Removal requests

July 1 – December 31, 2012
CountryRemoval requests - Court OrdersRemoval requests - Gov’t agency, police, otherPercentage where some content withheldAccounts specifiedAccounts withheldTweets withheld
Australia 0 1 0% < 10 0 0
Brazil 16 0 0% 22 0 0
Canada 2 0 0% < 10 0 0
France 0 1 100% 40 0 44
Germany 0 2 50% < 10 1 0
Greece - - - - - -
India 1 1 0% 16 0 0
Japan 0 1 0% < 10 0 0
Pakistan - - - - - -
Spain 1 0 0% < 10 0 0
Turkey 0 6 0% < 10 0 0
United Kingdom 4 2 0% 25 0 0
United States 2 2 0% 12 0 0
TOTAL 26 16 5% 140 1 44
NOTE: The data in these reports is as accurate as possible, but may not be 100% comprehensive.

About the numbers

This data includes government requests (and other complaints of illegal content from authorized reporters) we’ve received to remove or withhold content on Twitter.

Governments generally make removal requests for content that may be illegal in their respective jurisdictions. For example, a government agency may obtain a court order requiring the removal of defamatory statements or law enforcement may request us to remove prohibited content.

Withheld content

For the first time, this data includes two instances — one request from France, one request from Germany — where we employed our Country Withheld Content policy.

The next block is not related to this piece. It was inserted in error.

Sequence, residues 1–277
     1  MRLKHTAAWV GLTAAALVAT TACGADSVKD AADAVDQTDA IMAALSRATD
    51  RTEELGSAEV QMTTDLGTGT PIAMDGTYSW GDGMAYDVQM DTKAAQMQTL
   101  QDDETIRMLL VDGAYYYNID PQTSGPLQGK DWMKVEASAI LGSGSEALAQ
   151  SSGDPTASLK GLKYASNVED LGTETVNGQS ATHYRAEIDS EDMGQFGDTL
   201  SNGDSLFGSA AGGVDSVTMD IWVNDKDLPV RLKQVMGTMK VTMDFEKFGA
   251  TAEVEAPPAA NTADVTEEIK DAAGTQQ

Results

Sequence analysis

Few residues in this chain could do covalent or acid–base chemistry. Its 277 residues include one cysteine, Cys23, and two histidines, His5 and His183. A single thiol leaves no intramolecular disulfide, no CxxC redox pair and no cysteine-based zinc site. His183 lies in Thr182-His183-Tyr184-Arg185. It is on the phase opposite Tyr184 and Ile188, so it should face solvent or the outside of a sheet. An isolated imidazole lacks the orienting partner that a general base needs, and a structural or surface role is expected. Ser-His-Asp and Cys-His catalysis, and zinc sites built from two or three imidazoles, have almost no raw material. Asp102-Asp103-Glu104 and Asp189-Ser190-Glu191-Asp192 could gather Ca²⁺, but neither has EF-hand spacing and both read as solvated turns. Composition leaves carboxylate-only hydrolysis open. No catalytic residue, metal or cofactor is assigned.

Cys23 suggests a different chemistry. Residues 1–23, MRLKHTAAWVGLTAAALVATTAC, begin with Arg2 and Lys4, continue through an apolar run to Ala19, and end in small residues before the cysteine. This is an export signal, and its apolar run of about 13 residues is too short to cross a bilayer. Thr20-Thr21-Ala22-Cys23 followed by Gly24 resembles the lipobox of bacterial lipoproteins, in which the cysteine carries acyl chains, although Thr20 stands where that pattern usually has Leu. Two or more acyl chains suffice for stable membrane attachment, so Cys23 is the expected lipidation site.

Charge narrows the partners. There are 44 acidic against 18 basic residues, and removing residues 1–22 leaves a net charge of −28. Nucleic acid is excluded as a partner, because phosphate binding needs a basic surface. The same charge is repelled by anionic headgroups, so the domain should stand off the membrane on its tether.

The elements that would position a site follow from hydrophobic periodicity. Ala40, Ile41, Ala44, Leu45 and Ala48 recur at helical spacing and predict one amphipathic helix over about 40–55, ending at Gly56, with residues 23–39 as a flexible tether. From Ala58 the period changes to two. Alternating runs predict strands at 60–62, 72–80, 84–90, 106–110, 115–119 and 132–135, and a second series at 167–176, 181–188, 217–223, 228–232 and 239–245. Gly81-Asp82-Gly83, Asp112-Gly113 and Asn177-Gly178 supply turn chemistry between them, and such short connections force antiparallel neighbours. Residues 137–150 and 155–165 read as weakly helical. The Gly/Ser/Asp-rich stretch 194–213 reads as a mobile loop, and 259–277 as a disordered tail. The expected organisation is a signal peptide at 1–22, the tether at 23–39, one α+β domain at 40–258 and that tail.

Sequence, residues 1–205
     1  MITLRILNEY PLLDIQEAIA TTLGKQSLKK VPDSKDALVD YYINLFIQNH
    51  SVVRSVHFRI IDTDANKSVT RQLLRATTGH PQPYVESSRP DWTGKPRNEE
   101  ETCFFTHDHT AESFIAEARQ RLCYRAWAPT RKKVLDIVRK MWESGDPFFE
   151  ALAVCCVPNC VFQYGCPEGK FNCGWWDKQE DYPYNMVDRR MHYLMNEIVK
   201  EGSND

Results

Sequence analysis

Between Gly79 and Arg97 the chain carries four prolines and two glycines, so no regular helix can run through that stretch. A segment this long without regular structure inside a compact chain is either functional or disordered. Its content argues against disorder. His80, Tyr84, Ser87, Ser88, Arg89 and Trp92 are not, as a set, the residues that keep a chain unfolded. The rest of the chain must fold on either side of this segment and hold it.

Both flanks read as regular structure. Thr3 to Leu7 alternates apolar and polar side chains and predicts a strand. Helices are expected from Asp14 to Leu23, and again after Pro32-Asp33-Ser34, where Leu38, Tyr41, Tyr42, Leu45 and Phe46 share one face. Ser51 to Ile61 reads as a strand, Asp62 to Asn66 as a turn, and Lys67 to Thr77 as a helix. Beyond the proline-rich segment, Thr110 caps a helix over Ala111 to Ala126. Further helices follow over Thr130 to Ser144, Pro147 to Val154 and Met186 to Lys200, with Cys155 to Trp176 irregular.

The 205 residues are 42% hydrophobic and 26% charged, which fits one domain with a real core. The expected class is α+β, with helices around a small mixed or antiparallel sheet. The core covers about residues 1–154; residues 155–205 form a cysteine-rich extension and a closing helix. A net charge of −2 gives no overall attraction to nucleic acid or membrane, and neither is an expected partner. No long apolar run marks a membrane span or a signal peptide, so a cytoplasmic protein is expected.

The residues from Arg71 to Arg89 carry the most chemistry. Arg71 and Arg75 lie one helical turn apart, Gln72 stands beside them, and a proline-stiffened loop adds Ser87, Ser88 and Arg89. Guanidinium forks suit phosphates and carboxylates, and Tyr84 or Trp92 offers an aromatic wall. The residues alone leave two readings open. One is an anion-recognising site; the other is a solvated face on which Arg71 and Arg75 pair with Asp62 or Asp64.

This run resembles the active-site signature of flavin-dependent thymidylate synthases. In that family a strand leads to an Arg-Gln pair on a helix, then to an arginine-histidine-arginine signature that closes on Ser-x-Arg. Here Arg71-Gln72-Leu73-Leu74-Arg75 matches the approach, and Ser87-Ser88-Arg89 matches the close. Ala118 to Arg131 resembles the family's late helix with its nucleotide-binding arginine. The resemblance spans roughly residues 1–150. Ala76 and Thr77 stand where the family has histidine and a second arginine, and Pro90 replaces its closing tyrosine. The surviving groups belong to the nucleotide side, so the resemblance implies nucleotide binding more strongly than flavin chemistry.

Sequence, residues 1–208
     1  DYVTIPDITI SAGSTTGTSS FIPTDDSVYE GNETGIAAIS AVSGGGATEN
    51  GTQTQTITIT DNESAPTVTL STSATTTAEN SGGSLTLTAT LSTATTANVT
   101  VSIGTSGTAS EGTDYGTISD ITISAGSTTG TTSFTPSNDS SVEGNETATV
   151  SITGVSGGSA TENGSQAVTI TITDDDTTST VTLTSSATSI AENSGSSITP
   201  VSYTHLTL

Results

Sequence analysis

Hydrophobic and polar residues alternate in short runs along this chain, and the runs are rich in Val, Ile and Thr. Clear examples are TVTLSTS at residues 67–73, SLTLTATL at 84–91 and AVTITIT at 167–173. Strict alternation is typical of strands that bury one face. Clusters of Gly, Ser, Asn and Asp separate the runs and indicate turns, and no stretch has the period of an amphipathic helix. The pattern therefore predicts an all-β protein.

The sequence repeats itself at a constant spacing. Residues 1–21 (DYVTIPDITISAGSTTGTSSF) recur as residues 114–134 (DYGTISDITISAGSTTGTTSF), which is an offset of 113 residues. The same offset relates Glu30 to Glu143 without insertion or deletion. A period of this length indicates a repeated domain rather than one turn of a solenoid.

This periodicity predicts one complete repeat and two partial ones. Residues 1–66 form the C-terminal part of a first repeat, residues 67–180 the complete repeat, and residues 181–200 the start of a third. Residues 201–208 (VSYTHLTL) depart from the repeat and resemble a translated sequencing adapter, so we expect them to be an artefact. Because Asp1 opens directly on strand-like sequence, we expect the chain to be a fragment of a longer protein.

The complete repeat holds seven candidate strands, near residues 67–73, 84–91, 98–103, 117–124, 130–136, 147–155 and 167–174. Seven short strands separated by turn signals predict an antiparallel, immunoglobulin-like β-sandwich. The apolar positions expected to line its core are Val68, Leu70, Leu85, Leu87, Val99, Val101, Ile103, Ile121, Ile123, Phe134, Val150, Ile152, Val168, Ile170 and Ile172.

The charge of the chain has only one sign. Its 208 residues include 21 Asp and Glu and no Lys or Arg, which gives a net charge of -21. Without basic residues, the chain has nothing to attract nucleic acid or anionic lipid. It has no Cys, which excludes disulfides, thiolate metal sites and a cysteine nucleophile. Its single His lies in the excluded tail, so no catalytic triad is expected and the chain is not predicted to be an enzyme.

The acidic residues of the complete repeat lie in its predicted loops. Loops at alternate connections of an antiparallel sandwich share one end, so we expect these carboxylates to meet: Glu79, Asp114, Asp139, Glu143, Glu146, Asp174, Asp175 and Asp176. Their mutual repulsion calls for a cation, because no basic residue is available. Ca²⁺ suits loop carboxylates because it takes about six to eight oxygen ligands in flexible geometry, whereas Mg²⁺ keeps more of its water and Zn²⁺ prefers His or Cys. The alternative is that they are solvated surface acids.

France

  • We received a removal request from the legal representative of a national student group accusing Twitter of hosting illegal hate speech content. Based on local law, we withheld access to some, but not all, of the reported Tweets in France.
    • The original removal request is available on Chilling Effects, here.

Germany

  • We received a removal request from German law enforcement, requesting the removal of an account belonging to a banned, white supremacist organization in Germany. We withheld access to the one specified account in Germany.
    • The original removal notice is available on Chilling Effects, here.

Footnotes

  • The data does not include reports of Rules violations submitted through our Help Center or copyright-related requests, which are highlighted here.
  • Each request may identify multiple items to be removed. For example, a single request may ask us to remove individual Tweets or an entire user account.
  • ‘Accounts specified’ includes the number of accounts identified in the government requests we’ve received.
  • To minimize potential risk to our users, we’re not including specific numbers if fewer than 10 accounts are specified and we’ve not withheld any content in response to the particular request; instead you’ll see ‘< 10’ in the relevant cells.
  • We may not comply with every request for a variety of reasons. For example, we do not comply with requests that fail to identify content on Twitter.